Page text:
|View from Foengoe Island, Suriname|
No matter where I’ve traveled, the one thing everyone seems to agree on is soccer. Not teams, or players, or the proper name—yes, I know it’s really football to many—but a desire to watch. Or even better, to play.
Finding a game is always an easy way to make friends while traveling. And the beauty is, there is always a match, whether in a remote lodge in Patagonia after a grueling twelve-hour hike, an open courtyard in Jordan while smoking shisha, or a stadium filled with screaming fans in Seville.
But my favorite soccer games took place not in front of a TV, or even in a stadium, but on a grass airstrip on Foengoe Island in the Central Suriname Nature Reserve, where I spent six months working with a University of Florida capuchin monkey research project. The matches were always held early evening, since we spent our long, steamy days chasing those monkeys.
We had to arrange the games several days in advance so we could get a pick-up by canoe from Foengoe Island—the park headquarters and our civilization. Or at least a remote outpost of civilization, with tourist lodges and a radio that reached the capital. As for our own radio, it barely reached the edges of our study area, certainly not the island.
We’d talk about the coming game all day while following our capuchins through the jungle, excited to escape our isolated cabin. To have a break from nights reading or playing cards. To do anything new. At the first roar of a boat engine, no matter how distant, we’d race down to the river to watch the dugout canoe, made from a hallowed tree trunk, glide to a stop alongside our rock beach.
We always docked just above the swirling rapids and climbed the hill to the airstrip. I’d sit in the grass on the sidelines, sometimes alone if I was the only female researcher, the surrounding jungle quiet except for the low roar of howler monkeys and parrots, always in pairs, squawking a noisy greeting as they passed into the sleepy sun tumbling toward the jungle canopy. The air always soft and quiet, bathed in a halo of blue.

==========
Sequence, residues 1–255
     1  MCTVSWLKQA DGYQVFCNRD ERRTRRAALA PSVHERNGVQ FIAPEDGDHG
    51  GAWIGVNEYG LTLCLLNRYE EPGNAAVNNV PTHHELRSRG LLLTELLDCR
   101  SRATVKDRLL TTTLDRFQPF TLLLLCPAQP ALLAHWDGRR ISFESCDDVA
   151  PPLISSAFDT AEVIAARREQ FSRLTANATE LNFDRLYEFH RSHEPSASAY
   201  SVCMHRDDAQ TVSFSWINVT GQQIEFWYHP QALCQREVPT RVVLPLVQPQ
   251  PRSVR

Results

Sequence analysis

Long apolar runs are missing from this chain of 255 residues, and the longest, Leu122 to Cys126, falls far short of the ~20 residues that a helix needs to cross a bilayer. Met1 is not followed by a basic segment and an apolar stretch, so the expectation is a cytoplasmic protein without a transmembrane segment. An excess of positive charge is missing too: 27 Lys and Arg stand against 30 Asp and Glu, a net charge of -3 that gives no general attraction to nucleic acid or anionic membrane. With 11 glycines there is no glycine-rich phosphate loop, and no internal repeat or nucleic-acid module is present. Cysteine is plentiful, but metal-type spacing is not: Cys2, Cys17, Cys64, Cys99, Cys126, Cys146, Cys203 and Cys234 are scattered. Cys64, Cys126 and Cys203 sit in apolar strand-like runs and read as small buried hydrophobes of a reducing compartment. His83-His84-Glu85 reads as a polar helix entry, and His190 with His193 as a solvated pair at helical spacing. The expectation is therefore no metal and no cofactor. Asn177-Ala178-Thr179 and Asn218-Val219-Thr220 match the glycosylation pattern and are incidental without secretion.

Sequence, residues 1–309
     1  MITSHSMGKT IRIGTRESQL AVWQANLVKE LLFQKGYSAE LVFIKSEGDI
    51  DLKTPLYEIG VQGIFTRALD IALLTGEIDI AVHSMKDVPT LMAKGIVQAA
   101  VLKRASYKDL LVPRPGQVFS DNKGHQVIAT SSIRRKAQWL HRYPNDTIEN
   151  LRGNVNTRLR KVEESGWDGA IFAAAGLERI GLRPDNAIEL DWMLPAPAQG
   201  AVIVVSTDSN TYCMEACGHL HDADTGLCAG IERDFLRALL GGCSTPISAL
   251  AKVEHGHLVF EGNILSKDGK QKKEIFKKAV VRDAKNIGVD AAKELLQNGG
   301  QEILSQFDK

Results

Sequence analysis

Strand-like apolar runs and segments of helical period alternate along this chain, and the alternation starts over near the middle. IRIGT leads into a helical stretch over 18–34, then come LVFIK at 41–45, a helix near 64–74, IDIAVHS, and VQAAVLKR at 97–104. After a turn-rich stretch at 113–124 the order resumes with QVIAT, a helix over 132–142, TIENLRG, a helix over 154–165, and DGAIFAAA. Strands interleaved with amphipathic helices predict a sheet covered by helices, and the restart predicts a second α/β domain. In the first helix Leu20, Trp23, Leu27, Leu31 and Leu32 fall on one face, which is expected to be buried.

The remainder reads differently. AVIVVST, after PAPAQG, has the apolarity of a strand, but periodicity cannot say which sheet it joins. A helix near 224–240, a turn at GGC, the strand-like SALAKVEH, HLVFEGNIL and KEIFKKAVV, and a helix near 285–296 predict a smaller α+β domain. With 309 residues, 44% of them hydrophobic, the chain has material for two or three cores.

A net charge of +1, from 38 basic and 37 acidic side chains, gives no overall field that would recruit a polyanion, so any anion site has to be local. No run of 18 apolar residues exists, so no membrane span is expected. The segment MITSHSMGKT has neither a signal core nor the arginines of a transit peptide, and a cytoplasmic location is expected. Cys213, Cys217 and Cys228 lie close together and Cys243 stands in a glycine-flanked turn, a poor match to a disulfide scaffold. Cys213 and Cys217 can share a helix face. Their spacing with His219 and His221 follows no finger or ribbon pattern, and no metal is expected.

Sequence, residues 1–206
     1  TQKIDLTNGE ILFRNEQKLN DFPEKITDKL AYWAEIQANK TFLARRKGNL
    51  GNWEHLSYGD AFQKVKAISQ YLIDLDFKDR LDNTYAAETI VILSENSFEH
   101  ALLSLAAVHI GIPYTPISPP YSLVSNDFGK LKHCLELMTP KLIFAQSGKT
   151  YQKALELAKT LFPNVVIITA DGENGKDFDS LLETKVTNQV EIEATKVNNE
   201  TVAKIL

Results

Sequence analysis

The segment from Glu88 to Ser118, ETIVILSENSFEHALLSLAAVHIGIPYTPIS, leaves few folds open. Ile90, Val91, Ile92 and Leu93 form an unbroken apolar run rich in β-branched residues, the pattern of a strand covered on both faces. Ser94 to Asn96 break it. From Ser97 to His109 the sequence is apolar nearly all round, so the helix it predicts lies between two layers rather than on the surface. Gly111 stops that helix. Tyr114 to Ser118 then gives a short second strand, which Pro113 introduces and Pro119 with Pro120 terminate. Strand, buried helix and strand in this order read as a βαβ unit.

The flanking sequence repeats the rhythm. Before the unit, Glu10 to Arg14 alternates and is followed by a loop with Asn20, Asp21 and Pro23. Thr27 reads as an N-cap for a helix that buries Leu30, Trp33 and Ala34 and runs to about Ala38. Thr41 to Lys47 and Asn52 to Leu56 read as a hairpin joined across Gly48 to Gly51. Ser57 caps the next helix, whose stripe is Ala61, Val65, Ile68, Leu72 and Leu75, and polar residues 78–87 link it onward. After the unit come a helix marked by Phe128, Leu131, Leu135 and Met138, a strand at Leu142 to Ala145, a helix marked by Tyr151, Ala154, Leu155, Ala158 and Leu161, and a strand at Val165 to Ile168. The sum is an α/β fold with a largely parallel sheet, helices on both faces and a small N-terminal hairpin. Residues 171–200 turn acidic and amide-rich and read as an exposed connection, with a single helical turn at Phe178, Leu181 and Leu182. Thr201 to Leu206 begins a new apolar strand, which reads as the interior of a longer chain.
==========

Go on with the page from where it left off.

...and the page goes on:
But on the field, that strip of grass surrounded by jungle for hundreds of miles, the men screamed and grunted and pushed and shoved, their feet bare, their shadows long and tangled.
It was only ever men. The women weren’t invited to play. I didn’t have a problem with that given I’d gone toe-to-toe with ten-year-old girls in Suriname and been outmatched. Plus I already had my war injury from a barefoot soccer game on the sands of Cadiz, Spain—a broken toe that never did properly heal. And the men played to win. Anything allowed.
They were all researchers or Maroon and Amerindian guides and boat drivers, very rarely a passing tourist. The play was rough and sweaty and taken way too seriously. But always beautiful against that backdrop of a jungle sunset, the canopy shadow stretching to cover us in dark as the moon rose over the river. And always followed by a swim and a cold beer, if one could be found.
Those are memories I’ll never forget, the excitement and beauty of a simple game, in a setting with no match.